June 2008

Design and Security and Systems and Technology09 Jun 2008 at 13:35 by Jean-Marc Liotier

Who these days has not witnessed the embarrassing failure modes of Microsoft Windows ? Blue screens of all hues and an assortment of badged dialog boxes make each crash into a very public display of incompetence.

I will not argue that Windows is more prone to failure than other operating systems – that potential war of religion is best left alone. What I am arguing is that failure modes should be graceful, or at least more discreet.

A black screen is neutral : the service is not delivered, but at least the most trafficked billboard in town is not hammering everyone with a random pseudo-technical message that actually means “my owners are clueless morons”.

Even better than a black screen : a low level routine that in case of system failure may display something harmless. Anything but an error message.

With so many information screens in the transportation industry, automated teller machines of all sorts and a growing number of advertising screens on roadsides, a properly and specifically configured system is necessary. What about “Microsoft Windows – Public Display Edition” ? Of course, users of Free Software don’t have to wait for a stubborn editor to understand the problems its customers are facing.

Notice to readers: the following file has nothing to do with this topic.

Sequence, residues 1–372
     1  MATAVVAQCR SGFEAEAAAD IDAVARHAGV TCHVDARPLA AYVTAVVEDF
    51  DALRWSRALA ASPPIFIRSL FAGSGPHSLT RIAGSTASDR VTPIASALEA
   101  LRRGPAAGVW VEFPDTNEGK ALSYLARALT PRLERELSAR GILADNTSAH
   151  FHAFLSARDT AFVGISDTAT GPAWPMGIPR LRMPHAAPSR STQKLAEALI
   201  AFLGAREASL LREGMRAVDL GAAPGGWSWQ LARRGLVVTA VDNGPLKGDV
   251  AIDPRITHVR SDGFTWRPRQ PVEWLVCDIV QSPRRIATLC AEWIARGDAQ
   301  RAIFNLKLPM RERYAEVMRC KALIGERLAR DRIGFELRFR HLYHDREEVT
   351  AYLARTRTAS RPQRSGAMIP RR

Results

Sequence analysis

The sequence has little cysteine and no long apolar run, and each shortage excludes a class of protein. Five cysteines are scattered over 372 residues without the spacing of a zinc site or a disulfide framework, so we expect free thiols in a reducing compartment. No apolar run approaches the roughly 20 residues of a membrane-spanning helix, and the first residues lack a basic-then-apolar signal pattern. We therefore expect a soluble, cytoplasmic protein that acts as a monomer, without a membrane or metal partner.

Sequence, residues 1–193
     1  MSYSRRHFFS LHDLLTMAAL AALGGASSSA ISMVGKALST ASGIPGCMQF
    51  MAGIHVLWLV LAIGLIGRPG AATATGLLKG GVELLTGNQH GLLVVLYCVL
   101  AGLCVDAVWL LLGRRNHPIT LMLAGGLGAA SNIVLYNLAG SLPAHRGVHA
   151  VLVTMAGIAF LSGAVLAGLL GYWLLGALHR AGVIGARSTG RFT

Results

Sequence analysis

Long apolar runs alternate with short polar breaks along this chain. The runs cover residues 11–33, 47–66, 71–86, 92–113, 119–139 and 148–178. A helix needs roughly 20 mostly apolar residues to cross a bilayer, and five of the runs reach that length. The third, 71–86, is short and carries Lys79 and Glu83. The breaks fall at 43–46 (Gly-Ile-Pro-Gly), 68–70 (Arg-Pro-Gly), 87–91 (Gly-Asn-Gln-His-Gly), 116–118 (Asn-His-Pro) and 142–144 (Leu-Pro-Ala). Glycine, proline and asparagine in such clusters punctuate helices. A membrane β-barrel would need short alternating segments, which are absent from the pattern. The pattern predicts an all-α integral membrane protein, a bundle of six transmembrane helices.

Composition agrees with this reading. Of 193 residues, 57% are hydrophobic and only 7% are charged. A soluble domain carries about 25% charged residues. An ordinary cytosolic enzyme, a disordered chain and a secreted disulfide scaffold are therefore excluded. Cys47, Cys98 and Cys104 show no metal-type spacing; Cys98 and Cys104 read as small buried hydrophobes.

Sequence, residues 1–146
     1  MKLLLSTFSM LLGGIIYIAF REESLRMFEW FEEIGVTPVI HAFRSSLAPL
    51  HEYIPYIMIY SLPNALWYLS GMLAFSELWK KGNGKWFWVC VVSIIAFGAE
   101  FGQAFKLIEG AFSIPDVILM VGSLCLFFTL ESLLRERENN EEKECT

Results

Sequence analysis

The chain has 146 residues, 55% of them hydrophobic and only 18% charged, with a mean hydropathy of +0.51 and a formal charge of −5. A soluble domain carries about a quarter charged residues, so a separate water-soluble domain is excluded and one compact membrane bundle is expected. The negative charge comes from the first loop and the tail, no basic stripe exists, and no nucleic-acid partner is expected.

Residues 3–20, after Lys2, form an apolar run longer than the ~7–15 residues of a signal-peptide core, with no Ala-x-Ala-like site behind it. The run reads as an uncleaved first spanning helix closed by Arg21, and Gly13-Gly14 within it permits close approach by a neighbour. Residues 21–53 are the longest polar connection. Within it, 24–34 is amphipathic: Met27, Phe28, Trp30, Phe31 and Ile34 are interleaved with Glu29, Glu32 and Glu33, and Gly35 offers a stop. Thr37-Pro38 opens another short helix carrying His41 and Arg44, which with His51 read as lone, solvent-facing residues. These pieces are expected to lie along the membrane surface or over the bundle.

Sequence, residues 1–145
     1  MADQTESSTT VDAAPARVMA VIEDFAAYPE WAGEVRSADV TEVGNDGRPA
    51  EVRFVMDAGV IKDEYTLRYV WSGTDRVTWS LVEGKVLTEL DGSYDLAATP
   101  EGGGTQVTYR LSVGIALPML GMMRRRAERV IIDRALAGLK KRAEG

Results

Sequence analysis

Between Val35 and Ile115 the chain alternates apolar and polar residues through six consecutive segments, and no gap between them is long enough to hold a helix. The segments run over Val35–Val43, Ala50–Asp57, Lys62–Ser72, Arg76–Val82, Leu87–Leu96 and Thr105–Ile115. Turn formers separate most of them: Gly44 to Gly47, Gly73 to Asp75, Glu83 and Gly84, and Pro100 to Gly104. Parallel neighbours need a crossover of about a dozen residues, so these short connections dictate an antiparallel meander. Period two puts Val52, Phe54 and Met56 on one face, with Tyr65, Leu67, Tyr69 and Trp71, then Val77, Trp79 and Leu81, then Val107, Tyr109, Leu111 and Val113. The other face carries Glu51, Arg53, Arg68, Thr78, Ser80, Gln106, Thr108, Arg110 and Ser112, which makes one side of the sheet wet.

When the stakes are high enough, the costs of not managing risk through graceful degradation cannot be ignored. But let’s not underestimate the power of user inertia…

Jabber and Systems administration and VOIP05 Jun 2008 at 23:59 by Jean-Marc Liotier

Since version 1.4, a Jabber module is available in Asterisk. If you know me, then you probably wonder why it took me that long to discover it. I began playing with it tonight and the short story is that it works, it is simple to configure and it makes telephony aware of presence.

Of course this is still far from the holy grail of a presence-centered converged synchronous communications platform, but it is a start and anything is better than today’s stupid mass-market telephony.